Conservation Status:  Populations are increasing, as they are becoming immune to the myxomatosis virus. Rabbits become sexually mature after just four months and breed rapidly, so they can readily replace themselves.


Other points to note:

The European rabbit in the wild occupies open landscapes such as fields, parks, and gardens. Drive anywhere in the UK countryside and you are likely to see a rabbit, feeding on the side of the road and playing dodgems with the traffic or feeding peacefully in the open fields. You will come across rabbits of all ages and it is not uncommon to see a number of young rabbits together feeding or chasing each other. They are inquisitive creatures and when approached will stay completely still. But don't be fooled they may look like they are unaware of what is going on around them, but that is not they case, if something should occur like a bird of prey fly over, they will scatter and fast.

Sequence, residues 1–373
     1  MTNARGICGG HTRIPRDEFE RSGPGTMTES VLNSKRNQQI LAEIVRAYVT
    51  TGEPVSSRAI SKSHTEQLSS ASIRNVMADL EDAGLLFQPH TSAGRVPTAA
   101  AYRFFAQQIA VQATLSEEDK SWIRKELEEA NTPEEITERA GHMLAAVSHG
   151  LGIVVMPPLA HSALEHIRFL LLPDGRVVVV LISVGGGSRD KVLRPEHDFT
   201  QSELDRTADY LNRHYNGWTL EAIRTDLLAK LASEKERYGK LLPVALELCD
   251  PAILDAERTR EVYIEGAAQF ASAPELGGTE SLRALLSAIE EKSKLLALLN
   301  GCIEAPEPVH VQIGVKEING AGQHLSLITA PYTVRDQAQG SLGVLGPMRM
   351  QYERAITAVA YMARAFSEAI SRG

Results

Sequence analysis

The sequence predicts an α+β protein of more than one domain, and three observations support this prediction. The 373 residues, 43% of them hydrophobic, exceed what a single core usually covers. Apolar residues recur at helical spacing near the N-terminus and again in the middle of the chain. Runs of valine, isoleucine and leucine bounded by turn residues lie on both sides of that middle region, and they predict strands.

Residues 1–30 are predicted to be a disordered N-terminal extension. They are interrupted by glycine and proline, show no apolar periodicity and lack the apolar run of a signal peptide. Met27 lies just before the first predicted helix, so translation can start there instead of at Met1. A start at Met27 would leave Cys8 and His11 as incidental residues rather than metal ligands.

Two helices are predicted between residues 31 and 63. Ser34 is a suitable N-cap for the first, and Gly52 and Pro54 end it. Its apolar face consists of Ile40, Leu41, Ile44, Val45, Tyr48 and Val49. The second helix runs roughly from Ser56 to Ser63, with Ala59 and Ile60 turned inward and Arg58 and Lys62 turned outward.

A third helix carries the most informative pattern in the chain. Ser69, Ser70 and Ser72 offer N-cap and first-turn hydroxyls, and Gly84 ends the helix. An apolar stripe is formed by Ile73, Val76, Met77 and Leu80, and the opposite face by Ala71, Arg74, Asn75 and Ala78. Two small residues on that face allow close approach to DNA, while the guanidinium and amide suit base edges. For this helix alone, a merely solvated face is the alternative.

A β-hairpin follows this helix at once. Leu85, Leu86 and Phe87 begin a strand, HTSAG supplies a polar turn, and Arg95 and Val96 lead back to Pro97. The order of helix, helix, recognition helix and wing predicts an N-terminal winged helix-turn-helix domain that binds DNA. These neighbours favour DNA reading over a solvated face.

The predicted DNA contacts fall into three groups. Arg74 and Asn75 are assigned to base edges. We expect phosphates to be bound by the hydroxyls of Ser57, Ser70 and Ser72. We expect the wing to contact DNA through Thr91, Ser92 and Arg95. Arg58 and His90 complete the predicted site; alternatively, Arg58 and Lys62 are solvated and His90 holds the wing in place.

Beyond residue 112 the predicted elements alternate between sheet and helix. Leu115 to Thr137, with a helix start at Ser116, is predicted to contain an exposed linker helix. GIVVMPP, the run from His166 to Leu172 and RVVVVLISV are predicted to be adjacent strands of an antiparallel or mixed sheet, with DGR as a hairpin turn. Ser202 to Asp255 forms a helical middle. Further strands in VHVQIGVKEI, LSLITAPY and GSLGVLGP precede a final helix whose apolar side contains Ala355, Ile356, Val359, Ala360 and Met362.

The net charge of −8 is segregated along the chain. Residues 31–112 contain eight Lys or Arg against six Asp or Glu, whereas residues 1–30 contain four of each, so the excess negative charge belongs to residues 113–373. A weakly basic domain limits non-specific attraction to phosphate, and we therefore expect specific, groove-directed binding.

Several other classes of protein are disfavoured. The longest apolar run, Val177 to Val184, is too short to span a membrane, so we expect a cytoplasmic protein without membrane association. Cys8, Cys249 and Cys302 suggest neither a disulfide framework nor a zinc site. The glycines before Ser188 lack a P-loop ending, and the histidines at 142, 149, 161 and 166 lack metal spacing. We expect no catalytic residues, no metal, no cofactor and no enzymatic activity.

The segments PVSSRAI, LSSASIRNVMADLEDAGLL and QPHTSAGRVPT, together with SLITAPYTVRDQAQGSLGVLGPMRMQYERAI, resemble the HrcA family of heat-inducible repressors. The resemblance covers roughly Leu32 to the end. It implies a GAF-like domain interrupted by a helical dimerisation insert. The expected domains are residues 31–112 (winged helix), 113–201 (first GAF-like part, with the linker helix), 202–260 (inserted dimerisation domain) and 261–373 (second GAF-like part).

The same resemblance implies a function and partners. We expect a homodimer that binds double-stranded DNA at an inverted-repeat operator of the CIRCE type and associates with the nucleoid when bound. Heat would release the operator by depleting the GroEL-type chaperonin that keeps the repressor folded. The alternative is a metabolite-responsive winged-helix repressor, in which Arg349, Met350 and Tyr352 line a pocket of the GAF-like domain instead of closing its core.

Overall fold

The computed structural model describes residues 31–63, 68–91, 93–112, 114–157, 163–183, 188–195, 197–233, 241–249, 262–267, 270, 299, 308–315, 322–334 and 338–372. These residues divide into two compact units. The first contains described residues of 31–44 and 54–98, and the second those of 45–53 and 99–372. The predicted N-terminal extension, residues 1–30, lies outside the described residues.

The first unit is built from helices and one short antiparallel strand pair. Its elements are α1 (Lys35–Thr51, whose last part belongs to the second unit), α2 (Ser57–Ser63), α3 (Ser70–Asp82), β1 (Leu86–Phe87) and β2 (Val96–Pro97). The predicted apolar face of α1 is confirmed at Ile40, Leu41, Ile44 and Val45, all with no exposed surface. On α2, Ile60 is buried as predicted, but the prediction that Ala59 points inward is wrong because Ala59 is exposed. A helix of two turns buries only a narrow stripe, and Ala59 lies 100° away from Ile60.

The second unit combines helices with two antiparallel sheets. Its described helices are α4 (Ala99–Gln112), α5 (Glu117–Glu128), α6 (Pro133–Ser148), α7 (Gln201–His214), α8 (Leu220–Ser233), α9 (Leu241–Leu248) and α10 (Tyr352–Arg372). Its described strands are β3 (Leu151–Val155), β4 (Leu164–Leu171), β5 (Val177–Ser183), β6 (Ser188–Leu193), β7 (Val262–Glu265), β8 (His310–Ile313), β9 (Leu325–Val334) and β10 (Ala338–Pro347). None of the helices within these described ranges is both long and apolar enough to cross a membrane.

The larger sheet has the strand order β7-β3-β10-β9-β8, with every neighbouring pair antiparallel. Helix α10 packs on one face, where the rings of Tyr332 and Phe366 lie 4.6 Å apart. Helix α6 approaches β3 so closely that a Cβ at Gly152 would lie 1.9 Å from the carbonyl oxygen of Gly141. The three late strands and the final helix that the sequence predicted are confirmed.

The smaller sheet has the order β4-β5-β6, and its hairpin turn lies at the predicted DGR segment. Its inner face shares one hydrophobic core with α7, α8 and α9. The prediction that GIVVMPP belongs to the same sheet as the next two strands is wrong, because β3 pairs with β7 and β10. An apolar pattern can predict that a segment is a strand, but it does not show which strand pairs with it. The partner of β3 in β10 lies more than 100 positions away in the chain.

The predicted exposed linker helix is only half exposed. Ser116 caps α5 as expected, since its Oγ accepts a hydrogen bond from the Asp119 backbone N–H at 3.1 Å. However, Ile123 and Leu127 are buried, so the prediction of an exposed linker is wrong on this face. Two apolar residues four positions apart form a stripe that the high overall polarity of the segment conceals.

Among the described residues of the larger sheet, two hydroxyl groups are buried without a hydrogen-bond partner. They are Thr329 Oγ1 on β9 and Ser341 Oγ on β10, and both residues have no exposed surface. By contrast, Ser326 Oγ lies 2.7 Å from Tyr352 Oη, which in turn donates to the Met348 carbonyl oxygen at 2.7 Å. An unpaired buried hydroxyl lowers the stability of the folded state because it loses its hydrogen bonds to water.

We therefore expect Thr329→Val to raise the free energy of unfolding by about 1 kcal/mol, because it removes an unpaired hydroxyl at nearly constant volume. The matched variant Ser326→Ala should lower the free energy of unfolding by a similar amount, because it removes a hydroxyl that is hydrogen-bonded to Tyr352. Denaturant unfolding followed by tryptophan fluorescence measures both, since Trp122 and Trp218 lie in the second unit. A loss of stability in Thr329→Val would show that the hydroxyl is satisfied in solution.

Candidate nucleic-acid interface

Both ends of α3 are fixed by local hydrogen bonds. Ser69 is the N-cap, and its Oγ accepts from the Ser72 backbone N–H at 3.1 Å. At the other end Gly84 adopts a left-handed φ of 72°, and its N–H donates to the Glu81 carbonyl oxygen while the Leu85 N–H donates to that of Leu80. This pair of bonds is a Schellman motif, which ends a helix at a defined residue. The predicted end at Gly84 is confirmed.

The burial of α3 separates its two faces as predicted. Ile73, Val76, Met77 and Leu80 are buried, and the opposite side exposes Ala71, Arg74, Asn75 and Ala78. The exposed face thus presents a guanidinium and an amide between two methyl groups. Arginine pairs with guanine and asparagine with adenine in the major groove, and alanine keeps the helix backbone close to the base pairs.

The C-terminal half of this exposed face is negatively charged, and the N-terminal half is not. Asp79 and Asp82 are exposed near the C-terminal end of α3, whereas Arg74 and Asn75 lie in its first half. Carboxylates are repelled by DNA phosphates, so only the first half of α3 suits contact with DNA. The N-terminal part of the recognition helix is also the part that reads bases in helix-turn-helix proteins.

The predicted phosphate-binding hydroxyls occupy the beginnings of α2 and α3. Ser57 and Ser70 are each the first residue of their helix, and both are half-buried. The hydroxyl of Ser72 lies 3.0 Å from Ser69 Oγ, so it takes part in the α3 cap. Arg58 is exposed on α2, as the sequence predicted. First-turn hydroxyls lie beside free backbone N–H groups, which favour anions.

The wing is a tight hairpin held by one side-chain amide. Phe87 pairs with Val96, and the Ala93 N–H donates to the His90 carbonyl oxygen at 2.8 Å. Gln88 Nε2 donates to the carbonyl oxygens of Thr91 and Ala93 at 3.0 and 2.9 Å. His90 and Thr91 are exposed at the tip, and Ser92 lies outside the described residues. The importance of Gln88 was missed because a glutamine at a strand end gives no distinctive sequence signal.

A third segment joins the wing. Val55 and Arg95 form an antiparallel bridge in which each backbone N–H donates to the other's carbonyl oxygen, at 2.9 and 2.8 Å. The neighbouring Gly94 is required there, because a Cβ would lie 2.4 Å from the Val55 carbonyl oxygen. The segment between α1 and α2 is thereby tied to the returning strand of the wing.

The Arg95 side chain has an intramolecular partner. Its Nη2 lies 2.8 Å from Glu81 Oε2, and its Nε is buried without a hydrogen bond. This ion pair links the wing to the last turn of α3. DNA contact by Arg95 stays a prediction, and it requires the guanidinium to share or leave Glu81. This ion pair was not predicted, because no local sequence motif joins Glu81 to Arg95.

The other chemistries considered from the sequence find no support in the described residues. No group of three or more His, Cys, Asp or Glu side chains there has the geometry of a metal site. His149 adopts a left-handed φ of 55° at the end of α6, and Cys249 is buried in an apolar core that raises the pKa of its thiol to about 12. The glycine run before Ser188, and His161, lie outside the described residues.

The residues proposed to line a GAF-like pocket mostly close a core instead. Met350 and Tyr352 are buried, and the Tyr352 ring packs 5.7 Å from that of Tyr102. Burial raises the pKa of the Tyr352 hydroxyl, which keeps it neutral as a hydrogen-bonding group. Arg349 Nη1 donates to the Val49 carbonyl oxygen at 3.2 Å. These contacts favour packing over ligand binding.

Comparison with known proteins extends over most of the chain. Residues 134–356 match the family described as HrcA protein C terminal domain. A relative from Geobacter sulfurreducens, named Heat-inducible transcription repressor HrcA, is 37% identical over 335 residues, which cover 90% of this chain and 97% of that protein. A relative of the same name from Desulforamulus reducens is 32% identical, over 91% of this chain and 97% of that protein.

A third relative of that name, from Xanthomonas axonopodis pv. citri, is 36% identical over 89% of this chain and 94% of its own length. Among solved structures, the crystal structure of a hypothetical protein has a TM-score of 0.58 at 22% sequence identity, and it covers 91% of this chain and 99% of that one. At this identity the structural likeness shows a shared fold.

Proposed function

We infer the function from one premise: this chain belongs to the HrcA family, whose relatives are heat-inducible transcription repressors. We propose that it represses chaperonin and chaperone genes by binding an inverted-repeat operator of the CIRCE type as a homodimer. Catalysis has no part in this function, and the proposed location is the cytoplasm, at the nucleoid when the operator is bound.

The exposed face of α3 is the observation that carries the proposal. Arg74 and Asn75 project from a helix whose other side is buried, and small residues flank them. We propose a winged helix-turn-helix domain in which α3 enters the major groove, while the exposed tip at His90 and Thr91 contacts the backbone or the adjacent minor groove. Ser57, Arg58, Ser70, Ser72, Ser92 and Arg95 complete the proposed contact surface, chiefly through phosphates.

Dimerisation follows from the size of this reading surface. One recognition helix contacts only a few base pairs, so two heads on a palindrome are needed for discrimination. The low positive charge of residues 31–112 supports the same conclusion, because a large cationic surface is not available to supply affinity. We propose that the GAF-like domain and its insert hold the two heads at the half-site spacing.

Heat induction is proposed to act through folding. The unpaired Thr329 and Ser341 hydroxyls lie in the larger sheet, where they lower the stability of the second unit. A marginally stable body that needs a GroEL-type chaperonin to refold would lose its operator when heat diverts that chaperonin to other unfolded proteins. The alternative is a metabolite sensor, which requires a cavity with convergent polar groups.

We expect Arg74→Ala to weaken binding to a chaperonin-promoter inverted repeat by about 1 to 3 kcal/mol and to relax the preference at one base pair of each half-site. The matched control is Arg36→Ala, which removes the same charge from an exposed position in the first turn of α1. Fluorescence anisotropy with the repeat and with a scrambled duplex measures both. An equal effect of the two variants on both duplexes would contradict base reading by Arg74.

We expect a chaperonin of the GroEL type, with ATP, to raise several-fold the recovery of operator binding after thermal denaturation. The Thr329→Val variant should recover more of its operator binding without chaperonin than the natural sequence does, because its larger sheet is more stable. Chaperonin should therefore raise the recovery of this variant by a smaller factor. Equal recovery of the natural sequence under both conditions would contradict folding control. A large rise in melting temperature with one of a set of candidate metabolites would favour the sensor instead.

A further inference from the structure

They are considered a pest by many and can do a lot of damage in fields and on railway embankments where they decide to build their warrens. And for this reason various methods have been used to destroy local populations such as gassing, barriers (fences), shooting, snaring and ferreting have been used to try to control populations.

Rabbits are known by many names. Young rabbits are known by the names bunny, kit, or kitten. A male rabbit is called a buck, and a female rabbit is called a doe. A group of rabbits is known as a colony or a nest. They are affectionately know by the pet name 'bunny', 'bunnies' or 'bunny rabbit'.

Their reproductive abilities led to the phrase 'breeding like rabbits'.